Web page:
An investigation into the infamous horse flu has uncovered that an initial viral infection followed by the contraction of a streptococcal infection, which worsens the animals’ condition, may be to blame for the outbreak in Iceland, according to chief veterinarian Halldór Runólfsson. Visir.is reports this.
He says that clues leading to these new discoveries have been uncovered during research at Keldur, the Institute for Experimental Pathology.
Photo by Páll Kjartansson.
Yesterday Runólfsson met with veterinarians Susanne Braun and Björn Steinbjörnsson. Braun has worked independently in the field of horse medicine in Iceland for years. Steinbjörnsson, a veterinarian at the Icelandic Food and Veterinary Authority, has assisted Braun in his spare time.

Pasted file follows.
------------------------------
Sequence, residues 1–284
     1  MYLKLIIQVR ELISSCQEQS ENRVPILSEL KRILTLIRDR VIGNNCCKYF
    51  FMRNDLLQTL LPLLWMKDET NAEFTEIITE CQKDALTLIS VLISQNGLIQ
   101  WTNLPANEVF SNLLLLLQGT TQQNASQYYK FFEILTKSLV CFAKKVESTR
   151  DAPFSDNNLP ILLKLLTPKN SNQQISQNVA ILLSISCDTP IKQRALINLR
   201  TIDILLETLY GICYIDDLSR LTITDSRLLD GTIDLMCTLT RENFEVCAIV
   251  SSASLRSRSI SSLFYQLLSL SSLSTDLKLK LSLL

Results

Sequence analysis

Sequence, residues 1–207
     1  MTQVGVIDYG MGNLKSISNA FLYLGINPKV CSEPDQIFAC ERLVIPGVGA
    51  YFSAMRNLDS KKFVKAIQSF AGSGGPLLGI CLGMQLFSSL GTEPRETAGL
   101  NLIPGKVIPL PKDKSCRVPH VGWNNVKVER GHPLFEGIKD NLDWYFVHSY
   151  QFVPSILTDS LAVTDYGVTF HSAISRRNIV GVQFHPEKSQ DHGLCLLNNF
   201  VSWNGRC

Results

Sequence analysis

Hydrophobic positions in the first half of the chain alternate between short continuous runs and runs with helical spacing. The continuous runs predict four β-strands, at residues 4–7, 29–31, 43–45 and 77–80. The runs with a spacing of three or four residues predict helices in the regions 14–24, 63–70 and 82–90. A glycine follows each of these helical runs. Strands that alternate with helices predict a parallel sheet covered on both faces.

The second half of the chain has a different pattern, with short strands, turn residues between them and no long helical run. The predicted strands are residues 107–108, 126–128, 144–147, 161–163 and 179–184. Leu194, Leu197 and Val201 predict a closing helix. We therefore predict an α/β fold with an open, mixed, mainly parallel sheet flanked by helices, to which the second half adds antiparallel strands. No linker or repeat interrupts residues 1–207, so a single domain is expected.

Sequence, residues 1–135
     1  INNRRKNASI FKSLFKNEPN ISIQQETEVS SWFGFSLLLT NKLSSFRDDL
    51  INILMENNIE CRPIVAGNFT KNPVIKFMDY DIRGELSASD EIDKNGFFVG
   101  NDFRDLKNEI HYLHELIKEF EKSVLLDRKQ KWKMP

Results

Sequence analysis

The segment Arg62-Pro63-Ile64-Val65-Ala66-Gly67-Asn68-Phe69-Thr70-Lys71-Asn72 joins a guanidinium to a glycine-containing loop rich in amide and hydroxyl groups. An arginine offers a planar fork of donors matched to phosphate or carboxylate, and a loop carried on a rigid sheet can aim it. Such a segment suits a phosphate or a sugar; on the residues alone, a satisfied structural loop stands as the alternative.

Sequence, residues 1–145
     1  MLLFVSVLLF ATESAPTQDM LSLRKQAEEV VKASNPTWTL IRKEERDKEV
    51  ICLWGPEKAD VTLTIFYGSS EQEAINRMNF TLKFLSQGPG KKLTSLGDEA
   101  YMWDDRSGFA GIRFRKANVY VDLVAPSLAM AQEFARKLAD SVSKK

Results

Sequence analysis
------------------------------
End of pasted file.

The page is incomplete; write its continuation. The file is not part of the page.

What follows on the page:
“They have conducted independent research on the horse flu and registered their findings,” explains Runólfsson.
“They told me that they believe that the cause is a herpes infection, but more research has to be done before anything is asserted. We have diagnosed strains of herpes but a follow-up of these clues is necessary before it is decided that something new is happening here.”
The current theory is that the viral infection at the beginning of the flu weakens the horses’ resistance against the ensuing streptococcal virus and causes an infected discharge from their nose, as well as coughing.
Yesterday the government agreed to give a 20 million ISK research grant to the institute.
“This way, we can continue our research. We will work as fast as possible because people are concerned about the coming winter and fear that the flu might escalate again.”